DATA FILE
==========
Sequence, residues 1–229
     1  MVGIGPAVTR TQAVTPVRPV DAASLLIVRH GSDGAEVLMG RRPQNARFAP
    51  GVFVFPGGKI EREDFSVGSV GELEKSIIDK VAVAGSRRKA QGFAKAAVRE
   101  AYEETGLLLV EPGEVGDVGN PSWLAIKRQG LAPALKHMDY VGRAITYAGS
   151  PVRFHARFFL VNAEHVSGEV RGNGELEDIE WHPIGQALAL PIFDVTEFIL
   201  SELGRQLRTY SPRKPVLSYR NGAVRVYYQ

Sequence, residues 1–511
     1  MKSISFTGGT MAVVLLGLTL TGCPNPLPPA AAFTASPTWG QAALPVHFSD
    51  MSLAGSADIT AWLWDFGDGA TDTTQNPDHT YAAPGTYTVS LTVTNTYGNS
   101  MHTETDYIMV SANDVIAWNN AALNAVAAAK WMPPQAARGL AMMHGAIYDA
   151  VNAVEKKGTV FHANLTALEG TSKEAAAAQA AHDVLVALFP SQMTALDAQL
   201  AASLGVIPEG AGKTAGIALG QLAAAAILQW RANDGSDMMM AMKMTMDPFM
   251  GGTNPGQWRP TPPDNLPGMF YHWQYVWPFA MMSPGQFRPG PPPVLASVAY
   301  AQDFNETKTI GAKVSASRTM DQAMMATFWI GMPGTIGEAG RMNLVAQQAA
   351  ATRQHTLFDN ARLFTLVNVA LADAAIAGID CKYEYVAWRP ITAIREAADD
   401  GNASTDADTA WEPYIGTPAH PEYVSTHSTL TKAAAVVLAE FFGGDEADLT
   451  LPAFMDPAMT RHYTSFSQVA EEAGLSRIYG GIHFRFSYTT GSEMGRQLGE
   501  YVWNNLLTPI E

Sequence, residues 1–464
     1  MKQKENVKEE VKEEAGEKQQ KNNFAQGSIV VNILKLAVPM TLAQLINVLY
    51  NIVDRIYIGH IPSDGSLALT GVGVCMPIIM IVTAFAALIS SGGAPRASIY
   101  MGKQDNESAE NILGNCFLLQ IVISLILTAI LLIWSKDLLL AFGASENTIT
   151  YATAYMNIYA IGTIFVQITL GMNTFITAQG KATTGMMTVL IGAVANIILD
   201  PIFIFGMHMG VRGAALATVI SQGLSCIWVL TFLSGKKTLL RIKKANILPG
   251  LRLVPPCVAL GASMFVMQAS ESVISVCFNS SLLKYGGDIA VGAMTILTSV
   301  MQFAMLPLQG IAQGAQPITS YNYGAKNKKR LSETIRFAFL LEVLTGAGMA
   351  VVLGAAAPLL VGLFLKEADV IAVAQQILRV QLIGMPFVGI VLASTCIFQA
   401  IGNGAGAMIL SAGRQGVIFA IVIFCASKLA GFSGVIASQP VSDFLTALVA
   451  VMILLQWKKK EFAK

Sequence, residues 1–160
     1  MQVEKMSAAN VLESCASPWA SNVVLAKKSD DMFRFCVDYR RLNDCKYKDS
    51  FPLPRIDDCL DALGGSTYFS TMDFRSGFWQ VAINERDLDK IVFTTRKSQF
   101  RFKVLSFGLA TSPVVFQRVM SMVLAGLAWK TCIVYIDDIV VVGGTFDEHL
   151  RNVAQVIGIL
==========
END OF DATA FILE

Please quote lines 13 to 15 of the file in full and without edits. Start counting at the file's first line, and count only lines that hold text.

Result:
   251  GGTNPGQWRP TPPDNLPGMF YHWQYVWPFA MMSPGQFRPG PPPVLASVAY
   301  AQDFNETKTI GAKVSASRTM DQAMMATFWI GMPGTIGEAG RMNLVAQQAA
   351  ATRQHTLFDN ARLFTLVNVA LADAAIAGID CKYEYVAWRP ITAIREAADD